The announcement this week out of Beijing that China’s Ministry of Commerce has launched an anti-dumping probe into the ethanol co-product distillers dried grains (DDGS) from the US came as a surprise to the U.S. Grains Council (USGC).
“The U.S. Grains Council has a 25 year history of market development and capacity building programs in China and values the U.S./China market and trade relationship,” said USGC President and CEO Tom Dorr in a statement today. “China’s investigation of U.S. DDGS imports is surprising and could be disruptive to trade. China’s unusual market and supply volatility over the last two years has resulted in new global trade flows. As trade flows change, it should perhaps not be surprising there would be an adjustment period in response to unprecedented demand.”
It was only a few weeks ago that U.S. corn growers were in China on a USGC-sponsored trade mission to promote both corn and DDGS for livestock feed in that country. According to a post about the mission on the USGC blog The Grain Board, “Many of the feed companies that the delegation met with are increasing their DDGS use in their livestock feed rations. They stated they would continue to import, dependent on price. DDGS is easily imported into China, yet it is a feed ingredient that requires a “per plant registration” which is difficult to deal with at the port.”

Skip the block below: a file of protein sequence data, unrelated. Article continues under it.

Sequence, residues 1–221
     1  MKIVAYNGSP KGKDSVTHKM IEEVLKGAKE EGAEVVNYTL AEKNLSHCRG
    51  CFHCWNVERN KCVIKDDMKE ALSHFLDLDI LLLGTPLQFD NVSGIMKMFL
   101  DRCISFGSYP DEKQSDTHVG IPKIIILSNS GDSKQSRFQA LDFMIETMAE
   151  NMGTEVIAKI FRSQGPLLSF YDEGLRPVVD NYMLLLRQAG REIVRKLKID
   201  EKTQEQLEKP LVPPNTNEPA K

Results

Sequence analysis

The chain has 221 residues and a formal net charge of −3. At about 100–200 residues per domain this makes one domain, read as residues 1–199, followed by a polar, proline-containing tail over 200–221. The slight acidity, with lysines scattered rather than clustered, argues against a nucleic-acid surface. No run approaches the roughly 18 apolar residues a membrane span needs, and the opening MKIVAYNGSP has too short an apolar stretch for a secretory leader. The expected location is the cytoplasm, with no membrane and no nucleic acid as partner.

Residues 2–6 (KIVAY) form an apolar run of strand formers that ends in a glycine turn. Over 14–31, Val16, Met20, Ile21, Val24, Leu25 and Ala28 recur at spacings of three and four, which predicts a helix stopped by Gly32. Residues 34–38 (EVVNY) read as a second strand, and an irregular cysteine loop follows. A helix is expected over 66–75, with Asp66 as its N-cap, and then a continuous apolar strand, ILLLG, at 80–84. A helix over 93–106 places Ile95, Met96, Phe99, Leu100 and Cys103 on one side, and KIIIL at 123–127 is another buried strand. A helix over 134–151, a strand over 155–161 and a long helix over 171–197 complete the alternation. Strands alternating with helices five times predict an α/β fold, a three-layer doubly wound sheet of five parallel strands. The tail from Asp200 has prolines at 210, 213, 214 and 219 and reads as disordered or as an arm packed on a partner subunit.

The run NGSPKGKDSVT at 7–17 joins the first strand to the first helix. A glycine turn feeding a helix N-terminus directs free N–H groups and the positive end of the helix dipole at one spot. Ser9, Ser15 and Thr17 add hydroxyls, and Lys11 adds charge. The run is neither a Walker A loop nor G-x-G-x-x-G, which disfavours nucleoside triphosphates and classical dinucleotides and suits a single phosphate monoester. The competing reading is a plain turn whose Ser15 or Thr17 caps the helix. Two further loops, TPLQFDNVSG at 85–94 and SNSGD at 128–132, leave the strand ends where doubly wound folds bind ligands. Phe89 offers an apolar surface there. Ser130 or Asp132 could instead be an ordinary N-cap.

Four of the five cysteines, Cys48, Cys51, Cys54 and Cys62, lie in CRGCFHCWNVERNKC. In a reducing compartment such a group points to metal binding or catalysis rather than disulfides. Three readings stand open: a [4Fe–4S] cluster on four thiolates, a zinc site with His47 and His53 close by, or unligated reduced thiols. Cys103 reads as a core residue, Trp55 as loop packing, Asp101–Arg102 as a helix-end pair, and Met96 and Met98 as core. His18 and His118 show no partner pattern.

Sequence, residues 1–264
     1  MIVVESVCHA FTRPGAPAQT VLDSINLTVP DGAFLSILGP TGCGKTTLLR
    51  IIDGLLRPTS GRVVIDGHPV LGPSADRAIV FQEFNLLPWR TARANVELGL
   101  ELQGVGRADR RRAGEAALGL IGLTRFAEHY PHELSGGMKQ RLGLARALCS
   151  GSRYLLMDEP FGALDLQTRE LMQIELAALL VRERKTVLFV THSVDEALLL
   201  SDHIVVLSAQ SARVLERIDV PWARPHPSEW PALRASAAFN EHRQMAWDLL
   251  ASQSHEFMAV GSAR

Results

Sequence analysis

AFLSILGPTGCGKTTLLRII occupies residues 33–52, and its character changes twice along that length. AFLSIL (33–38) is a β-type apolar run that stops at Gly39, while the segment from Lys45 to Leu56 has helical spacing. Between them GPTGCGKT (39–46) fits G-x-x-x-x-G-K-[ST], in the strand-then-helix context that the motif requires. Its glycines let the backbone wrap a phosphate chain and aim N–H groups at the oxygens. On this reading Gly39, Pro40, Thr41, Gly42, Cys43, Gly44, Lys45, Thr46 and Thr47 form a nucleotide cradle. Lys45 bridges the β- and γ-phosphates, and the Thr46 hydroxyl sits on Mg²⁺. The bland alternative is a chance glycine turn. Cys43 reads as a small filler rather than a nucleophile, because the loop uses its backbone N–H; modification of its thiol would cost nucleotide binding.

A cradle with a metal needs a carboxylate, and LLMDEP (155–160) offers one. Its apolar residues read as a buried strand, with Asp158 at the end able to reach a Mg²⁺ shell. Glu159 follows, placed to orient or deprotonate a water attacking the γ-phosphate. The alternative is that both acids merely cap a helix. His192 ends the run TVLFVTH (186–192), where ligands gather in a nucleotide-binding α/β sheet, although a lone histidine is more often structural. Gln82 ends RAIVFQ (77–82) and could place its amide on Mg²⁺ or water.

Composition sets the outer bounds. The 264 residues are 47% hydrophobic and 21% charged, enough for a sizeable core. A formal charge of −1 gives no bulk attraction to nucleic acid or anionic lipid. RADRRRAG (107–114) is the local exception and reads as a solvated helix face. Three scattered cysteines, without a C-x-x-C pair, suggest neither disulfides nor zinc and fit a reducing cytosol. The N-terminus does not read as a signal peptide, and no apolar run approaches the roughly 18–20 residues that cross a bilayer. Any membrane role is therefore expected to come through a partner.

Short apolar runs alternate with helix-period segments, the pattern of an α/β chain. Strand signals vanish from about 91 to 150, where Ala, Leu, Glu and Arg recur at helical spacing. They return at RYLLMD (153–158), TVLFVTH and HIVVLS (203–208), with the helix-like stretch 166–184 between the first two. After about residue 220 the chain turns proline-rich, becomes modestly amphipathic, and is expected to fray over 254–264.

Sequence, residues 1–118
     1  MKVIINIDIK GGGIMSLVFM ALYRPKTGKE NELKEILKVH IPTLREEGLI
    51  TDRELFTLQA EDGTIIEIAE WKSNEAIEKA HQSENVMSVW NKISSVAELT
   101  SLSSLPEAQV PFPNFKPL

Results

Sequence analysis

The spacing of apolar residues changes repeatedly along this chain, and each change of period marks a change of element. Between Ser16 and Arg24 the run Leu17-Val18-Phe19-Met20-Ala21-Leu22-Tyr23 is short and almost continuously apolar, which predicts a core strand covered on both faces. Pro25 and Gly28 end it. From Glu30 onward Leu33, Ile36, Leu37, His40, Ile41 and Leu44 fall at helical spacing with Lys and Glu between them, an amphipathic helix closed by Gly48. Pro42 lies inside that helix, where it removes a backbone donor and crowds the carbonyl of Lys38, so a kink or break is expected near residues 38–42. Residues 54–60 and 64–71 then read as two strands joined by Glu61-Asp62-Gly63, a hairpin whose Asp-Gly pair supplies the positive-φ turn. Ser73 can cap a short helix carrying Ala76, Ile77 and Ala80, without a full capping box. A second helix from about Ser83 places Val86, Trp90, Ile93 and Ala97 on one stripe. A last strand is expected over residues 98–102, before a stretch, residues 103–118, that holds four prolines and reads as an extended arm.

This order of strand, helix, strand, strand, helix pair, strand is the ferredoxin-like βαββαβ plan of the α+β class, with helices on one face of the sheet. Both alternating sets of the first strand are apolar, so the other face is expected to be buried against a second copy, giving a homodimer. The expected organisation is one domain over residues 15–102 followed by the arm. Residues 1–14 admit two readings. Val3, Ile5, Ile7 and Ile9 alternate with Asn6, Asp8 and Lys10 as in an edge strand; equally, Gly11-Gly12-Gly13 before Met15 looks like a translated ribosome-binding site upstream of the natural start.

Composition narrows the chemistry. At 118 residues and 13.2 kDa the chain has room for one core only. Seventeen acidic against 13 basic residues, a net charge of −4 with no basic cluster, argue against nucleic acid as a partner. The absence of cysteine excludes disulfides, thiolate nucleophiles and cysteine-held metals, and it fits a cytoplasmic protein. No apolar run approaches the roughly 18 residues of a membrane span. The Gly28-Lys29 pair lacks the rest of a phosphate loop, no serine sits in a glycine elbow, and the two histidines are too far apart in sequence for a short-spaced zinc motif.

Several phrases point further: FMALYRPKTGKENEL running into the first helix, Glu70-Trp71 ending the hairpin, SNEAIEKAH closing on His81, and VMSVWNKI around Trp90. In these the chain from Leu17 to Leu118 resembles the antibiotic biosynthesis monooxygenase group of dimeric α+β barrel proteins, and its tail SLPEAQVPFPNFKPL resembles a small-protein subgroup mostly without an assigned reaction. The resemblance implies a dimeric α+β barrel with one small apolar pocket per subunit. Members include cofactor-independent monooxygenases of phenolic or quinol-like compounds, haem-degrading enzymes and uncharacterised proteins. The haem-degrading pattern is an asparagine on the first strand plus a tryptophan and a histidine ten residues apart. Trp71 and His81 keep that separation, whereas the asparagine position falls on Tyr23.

China is the number one market for DDGS and is expected to import nearly three million metric tons this year, up more than 500 percent compared to a year ago. It is estimated that China produces about 3.5 million tons of DDGS domestically each year.
According to a statement from the Chinese Ministry, they initially plan to look for any evidence of dumping of DDGS, both with and without solubles, between July 2009 and June 2010, but may go back as far as 2007. The investigation is expected to take 12 to 18 months to complete.